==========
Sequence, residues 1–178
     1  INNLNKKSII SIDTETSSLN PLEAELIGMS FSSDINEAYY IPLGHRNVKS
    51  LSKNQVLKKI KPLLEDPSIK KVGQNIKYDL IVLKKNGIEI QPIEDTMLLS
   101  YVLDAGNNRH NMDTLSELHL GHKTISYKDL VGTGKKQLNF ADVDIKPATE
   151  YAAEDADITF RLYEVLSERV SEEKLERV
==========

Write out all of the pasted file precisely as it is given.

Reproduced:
Sequence, residues 1–178
     1  INNLNKKSII SIDTETSSLN PLEAELIGMS FSSDINEAYY IPLGHRNVKS
    51  LSKNQVLKKI KPLLEDPSIK KVGQNIKYDL IVLKKNGIEI QPIEDTMLLS
   101  YVLDAGNNRH NMDTLSELHL GHKTISYKDL VGTGKKQLNF ADVDIKPATE
   151  YAAEDADITF RLYEVLSERV SEEKLERV